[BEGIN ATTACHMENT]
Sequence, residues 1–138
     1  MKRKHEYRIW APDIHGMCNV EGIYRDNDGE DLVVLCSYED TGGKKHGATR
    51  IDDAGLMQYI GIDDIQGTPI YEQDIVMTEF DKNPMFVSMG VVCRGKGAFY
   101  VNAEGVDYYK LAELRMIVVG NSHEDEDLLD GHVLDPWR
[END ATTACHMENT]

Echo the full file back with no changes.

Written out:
Sequence, residues 1–138
     1  MKRKHEYRIW APDIHGMCNV EGIYRDNDGE DLVVLCSYED TGGKKHGATR
    51  IDDAGLMQYI GIDDIQGTPI YEQDIVMTEF DKNPMFVSMG VVCRGKGAFY
   101  VNAEGVDYYK LAELRMIVVG NSHEDEDLLD GHVLDPWR